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Articles Posted in Nursing Home Abuse and Neglect

Psychological and emotional abuse happens much too often in nursing homes in Orange County, and it is important to hold the facility accountable for any harm it has caused. In order to file a nursing home abuse claim arising out of psychological abuse, it is important to understand more about this type of abuse and how it shows up in patients. The following are five things you should know about psychological and emotional abuse in Orange County.

  1. Psychological or Emotional Abuse is a Form of Nursing Home Abuse

While psychological or emotional abuse does not involve the infliction of physical pain, or the deprivation of food or medical care, it is certainly a form of nursing home abuse that happens more often than many people might think. The National Council on Aging (NCOA) explains that it can involve verbal assaults, threats, harassment, intimidation, or behaviors designed to embarrass an elderly nursing home resident. 

Residents of San Diego County nursing homes can be harmed by many different types of nursing home abuse and neglect, from intentional physical or emotional abuse to passive neglect resulting from understaffing. While it may not be as prevalent as certain types of abuse in skilled nursing facilities, sexual abuse is a serious problem in Southern California nursing homes and in facilities across the country. Different parties can perpetrate sexual abuse in the nursing home setting, from staff members to other residents. Even in circumstances in which other residents perpetrate acts of sexual assault, the nursing home may still be liable for failing to prevent those injuries. A recent sexual abuse case in a Seal Beach nursing home underscores the prevalence of sexual abuse in skilled nursing facilities and the need to hold nursing homes accountable.

Learning More About the Recent Nursing Home Sexual Abuse Case in Southern California

According to a recent report from ABC News 7, an 85-year-old woman with dementia who is a resident of Seal Beach Health and Rehabilitation, a nursing home in Southern California, was sexually assaulted by another resident at the facility. Staff members at the nursing home called the police in early March 2022 when they “heard a woman screaming and pushed through the door blocked by the suspect’s wheelchair and found the suspect on top of her, on her bed,” according to the report. It also indicated that, when the staff members were able to get into the room, they found the resident “engaging in acts against her [the other resident] of a sexual nature.” That resident had a prior history of serious domestic violence for which he spent time in prison.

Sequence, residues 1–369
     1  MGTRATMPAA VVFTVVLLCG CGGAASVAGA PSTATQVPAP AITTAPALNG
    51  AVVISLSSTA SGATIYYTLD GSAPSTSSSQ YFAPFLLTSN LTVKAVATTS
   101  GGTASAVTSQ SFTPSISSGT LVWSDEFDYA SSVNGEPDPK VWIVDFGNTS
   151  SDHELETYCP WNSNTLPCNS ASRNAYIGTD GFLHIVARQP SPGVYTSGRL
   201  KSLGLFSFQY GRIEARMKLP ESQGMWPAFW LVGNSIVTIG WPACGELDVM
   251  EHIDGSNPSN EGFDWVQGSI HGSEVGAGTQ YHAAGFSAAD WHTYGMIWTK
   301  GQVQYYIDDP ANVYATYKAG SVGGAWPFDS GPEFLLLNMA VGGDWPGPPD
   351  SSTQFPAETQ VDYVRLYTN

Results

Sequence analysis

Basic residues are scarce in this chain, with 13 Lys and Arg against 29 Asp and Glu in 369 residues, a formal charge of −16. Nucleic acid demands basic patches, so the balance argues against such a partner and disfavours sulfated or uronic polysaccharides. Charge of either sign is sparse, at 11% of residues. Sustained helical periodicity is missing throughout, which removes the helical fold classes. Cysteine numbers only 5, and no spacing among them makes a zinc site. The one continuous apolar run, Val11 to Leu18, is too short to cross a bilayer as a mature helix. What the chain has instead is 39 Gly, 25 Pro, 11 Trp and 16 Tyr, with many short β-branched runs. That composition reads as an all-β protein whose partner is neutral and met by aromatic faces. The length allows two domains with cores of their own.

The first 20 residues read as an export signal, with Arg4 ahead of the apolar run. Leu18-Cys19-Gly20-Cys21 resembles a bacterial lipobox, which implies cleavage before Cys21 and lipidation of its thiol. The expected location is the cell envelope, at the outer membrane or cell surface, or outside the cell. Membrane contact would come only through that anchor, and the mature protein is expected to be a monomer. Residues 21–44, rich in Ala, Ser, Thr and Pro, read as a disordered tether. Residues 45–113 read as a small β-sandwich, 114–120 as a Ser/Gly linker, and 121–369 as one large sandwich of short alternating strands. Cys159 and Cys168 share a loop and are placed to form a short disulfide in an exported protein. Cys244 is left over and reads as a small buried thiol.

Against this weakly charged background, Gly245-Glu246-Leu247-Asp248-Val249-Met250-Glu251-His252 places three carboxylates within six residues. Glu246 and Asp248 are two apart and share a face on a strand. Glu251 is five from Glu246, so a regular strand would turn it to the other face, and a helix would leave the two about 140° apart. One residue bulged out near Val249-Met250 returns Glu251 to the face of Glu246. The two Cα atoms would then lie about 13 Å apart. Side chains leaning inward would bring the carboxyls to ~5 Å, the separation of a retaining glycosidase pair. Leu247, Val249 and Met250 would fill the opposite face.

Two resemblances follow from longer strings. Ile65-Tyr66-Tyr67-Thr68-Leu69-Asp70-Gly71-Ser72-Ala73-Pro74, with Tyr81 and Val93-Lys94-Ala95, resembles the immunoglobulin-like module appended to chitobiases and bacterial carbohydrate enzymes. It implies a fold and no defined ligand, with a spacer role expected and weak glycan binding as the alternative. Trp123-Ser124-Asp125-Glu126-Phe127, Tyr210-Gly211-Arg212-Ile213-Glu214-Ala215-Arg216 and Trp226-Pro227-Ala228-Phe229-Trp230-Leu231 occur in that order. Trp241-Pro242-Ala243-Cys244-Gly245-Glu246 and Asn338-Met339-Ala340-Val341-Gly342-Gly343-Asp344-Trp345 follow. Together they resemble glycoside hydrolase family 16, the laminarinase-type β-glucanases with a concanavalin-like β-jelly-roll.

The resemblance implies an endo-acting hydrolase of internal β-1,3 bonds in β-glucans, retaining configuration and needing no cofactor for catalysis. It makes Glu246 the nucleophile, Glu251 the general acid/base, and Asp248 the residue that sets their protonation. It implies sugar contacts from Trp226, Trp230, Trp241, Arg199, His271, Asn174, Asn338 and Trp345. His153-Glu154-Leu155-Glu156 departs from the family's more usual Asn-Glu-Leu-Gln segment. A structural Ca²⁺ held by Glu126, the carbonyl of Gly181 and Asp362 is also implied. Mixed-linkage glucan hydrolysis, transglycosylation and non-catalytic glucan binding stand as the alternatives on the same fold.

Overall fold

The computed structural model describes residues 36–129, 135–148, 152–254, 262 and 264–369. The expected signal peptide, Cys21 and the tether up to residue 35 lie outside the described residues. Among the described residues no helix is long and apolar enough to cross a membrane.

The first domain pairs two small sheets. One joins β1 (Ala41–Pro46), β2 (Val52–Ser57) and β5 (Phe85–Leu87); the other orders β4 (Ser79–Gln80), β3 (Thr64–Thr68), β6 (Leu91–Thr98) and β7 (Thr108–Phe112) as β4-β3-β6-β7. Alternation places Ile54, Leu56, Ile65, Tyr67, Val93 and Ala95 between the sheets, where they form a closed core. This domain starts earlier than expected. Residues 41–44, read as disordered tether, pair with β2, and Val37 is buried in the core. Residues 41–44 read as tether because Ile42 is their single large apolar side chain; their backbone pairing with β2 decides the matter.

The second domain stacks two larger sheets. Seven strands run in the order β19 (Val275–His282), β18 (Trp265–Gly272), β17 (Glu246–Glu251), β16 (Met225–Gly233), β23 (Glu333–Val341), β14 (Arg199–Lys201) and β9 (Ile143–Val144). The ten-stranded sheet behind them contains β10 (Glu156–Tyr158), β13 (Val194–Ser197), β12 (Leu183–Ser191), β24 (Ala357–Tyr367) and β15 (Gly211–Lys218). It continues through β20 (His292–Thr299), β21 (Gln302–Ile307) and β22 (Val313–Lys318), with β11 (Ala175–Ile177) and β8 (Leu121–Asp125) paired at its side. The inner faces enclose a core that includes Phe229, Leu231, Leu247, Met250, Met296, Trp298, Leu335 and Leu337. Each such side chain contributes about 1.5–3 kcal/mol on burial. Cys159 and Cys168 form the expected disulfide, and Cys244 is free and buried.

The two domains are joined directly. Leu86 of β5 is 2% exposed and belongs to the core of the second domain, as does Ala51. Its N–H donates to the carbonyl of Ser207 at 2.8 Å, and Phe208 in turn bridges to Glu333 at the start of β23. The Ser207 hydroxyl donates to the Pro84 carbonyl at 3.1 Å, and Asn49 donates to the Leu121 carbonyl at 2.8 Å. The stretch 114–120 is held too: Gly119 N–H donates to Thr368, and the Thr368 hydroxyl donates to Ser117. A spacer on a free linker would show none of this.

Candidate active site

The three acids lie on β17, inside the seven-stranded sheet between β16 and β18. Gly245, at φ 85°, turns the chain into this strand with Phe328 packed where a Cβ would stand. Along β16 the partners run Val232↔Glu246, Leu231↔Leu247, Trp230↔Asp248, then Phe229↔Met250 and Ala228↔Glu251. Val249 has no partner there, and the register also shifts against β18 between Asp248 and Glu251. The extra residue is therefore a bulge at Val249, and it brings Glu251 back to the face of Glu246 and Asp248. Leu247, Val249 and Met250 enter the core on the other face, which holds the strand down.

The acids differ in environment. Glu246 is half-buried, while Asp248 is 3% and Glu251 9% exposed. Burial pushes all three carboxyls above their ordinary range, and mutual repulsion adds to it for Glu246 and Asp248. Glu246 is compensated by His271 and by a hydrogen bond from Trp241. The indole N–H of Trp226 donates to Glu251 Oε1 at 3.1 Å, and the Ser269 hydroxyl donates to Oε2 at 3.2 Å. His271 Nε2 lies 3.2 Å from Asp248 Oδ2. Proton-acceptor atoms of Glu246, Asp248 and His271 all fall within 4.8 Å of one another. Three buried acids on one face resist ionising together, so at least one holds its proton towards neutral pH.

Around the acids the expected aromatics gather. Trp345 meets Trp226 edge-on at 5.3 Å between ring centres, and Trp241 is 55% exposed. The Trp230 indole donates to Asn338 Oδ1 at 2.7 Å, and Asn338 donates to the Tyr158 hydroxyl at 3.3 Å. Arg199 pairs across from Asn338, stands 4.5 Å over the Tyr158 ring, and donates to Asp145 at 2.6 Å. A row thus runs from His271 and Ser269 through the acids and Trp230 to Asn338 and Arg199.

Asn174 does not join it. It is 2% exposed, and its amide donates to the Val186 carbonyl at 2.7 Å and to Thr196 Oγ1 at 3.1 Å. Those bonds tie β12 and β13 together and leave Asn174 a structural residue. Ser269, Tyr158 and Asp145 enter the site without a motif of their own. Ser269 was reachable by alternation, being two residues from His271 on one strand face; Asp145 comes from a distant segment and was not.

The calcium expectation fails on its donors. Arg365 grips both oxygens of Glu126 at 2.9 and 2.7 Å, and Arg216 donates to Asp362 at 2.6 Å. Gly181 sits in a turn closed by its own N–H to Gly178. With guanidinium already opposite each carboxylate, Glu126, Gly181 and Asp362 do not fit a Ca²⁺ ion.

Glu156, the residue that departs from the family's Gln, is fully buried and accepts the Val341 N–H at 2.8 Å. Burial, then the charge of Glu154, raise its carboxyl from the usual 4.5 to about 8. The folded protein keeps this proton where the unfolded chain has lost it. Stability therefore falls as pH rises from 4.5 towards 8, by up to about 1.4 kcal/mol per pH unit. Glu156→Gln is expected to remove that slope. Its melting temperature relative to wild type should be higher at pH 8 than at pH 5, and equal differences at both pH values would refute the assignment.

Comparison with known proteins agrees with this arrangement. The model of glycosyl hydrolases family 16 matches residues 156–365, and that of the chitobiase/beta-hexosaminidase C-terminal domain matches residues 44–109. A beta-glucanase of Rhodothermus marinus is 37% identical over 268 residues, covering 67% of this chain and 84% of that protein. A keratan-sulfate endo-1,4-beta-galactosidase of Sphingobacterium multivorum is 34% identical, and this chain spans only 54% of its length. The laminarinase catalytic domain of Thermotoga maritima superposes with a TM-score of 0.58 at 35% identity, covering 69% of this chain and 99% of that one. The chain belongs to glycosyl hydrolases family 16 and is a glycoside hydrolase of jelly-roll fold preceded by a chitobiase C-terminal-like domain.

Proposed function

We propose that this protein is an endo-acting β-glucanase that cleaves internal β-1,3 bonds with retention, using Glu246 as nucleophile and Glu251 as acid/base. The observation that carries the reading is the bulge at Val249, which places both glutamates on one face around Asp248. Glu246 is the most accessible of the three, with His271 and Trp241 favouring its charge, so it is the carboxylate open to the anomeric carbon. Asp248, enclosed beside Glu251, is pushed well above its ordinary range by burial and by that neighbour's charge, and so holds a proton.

Choosing the best nursing home for an elderly loved one can be a difficult task. Although some information about nursing home ratings and previous safety violations can be located, recent reports suggest that information is often incomplete, or even worse, that it may be incorrect and misleading. Moreover, you cannot always know for certain whether a facility will pose injury risks to its residents based on its history. While a history of safety violations should certainly be a cause for concern, even skilled nursing facilities with clear records can be places where elderly residents sustain serious and life-threatening injuries. 

How can you know what to look for in a nursing home? More often than not, it is important to know what you should not see at a nursing home or assisted-living facility. According to U.S. News & World Report, it is more important than ever to be able to recognize red flags at nursing homes. The following are red flags that should raise concern.

High Rate of Infections and Deaths From COVID-19

Nursing home abuse and neglect injuries in San Bernardino nursing homes can take many different forms, and they can have varying causes. It is important for families with elderly loved ones in nursing homes and assisted-living facilities to be on the lookout for common injury signs, and to know when those injuries may have resulted from abuse or neglect. In many cases, nursing homes may not intend to cause any harm, but as a result of passive neglect, seniors can suffer debilitating and life-threatening harm. In those cases, the nursing home may be liable for damages. The following are among the common types of injuries at nursing homes and assisted-living facilities in Southern California.